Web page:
Log–log plot of (left) and (right) versus the scaling variable Λ, where for rectangular cells and for cylindrical tubes. The symbol (□) corresponds to the experiments plotted in the previous figures with different symbols. The symbol (▲) corresponds to lattice BGK simulations of Jarrige *et al.* (Ref. 1) for small aspect ratios whereas the dashed line represents the 2D numerical simulations of Rongy *et al.* (Ref. 2) between two parallel boundaries separated by a height, *H*. The full line on the graphs corresponds to our empirical law [Eqs. (11) and (12)]. Note that the dashed line on the right figure is hardly distinguishable from the full line for Λ > 10. The circles (•) correspond to cylindrical tube experiments: the two large Λ values (Λ > 10) correspond to our experiments and the three data points at low values (Λ < 10) on the left figure correspond to the data of Pojman *et al.* (Ref. 3).

Log–log plot of (left) and (right) versus the scaling variable Λ, where for rectangular cells and for cylindrical tubes. The symbol (□) corresponds to the experiments plotted in the previous figures with different symbols. The symbol (▲) corresponds to lattice BGK simulations of Jarrige *et al.* (Ref. 1) for small aspect ratios whereas the dashed line represents the 2D numerical simulations of Rongy *et al.* (Ref. 2) between two parallel boundaries separated by a height, *H*. The full line on the graphs corresponds to our empirical law [Eqs. (11) and (12)]. Note that the dashed line on the right figure is hardly distinguishable from the full line for Λ > 10. The circles (•) correspond to cylindrical tube experiments: the two large Λ values (Λ > 10) correspond to our experiments and the three data points at low values (Λ < 10) on the left figure correspond to the data of Pojman *et al.* (Ref. 3).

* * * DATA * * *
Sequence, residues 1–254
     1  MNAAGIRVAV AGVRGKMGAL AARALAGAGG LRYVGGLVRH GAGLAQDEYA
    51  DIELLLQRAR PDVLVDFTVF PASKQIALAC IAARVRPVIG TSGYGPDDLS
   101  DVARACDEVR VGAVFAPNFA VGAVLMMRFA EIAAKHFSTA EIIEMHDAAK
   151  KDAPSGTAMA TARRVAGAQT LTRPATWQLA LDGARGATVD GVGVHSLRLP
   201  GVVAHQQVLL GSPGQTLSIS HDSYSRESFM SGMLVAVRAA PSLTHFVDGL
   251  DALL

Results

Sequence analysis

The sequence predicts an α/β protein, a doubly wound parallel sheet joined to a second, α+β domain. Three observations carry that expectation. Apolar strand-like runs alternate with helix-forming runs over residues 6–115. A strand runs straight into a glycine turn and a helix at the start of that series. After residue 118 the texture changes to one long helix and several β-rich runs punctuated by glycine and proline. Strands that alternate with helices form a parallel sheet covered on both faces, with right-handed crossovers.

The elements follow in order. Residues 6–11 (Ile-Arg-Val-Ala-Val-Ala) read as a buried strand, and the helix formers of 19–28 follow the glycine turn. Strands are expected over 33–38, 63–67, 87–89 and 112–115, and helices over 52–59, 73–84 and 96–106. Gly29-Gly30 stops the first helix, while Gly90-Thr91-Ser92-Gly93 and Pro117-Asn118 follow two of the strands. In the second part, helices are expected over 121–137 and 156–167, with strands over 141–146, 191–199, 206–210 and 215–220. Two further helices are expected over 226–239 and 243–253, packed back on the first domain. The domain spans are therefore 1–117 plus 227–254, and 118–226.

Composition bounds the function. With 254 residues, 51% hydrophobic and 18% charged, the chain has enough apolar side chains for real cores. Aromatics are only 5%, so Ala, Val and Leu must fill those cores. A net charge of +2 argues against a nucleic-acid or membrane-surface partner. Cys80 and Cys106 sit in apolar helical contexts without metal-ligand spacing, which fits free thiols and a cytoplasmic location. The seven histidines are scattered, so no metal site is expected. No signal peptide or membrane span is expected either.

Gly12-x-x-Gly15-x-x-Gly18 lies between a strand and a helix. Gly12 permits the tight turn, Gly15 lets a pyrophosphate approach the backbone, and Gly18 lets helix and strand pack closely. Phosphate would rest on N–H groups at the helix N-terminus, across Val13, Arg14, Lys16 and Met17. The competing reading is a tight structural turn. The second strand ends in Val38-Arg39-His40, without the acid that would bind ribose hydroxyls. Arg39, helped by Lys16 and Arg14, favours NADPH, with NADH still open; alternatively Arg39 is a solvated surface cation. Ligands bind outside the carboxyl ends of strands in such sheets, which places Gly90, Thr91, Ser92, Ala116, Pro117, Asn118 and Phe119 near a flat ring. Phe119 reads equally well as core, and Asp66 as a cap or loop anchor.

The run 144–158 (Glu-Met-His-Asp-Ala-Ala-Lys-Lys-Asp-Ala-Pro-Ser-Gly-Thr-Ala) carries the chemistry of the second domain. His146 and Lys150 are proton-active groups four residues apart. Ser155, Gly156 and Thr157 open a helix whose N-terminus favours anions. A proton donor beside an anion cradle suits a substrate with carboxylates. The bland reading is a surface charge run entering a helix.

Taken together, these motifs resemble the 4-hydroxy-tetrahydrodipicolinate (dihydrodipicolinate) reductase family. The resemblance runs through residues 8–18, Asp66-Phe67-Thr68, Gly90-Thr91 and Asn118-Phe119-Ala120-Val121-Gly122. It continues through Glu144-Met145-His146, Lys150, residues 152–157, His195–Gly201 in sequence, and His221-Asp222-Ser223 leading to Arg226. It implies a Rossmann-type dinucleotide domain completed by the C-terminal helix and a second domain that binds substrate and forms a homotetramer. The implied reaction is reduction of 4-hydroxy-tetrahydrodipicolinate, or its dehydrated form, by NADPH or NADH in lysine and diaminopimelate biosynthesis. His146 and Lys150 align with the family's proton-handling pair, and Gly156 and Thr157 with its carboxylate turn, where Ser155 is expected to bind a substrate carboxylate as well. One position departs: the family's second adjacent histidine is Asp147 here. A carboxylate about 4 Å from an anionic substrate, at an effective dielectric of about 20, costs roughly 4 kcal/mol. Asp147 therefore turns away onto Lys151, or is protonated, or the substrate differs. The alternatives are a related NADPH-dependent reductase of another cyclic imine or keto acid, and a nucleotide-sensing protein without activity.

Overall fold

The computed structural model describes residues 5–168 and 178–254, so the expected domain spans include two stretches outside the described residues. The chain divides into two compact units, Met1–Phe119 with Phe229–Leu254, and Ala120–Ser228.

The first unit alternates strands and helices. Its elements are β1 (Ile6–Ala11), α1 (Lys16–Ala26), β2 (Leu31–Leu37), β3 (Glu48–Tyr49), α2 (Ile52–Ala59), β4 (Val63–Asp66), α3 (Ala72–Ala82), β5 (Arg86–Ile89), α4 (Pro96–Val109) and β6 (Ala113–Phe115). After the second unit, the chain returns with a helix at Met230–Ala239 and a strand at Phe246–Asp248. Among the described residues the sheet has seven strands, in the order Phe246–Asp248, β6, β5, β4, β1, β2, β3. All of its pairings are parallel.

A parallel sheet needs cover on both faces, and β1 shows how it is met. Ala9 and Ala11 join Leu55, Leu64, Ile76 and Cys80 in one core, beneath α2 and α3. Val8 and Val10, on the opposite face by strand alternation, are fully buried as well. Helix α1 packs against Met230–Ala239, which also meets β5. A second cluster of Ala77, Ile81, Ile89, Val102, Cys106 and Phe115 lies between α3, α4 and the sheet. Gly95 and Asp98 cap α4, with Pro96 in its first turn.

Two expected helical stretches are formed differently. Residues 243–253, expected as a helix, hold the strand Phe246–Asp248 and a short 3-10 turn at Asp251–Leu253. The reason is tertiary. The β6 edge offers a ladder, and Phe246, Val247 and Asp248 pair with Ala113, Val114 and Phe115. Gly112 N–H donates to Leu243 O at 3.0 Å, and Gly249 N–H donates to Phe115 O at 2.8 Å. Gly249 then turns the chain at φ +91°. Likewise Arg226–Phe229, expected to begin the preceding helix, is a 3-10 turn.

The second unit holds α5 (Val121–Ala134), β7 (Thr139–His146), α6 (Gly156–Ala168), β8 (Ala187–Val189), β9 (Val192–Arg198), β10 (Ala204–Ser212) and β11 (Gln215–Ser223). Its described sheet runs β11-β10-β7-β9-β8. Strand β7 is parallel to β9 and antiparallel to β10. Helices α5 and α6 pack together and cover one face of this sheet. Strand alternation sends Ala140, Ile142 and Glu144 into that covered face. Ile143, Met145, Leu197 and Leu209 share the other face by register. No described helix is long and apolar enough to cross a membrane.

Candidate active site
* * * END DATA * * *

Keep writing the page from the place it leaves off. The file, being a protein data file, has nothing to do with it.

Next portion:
Top: pseudointerface, *z* = *h*(*x*), between the reactant and the product obtained by integration of Eq. (20), using the front velocity, , measured in the experiment. Bottom: a tentative superimposition of the calculated front and the experimental front.

Top: pseudointerface, *z* = *h*(*x*), between the reactant and the product obtained by integration of Eq. (20), using the front velocity, , measured in the experiment. Bottom: a tentative superimposition of the calculated front and the experimental front.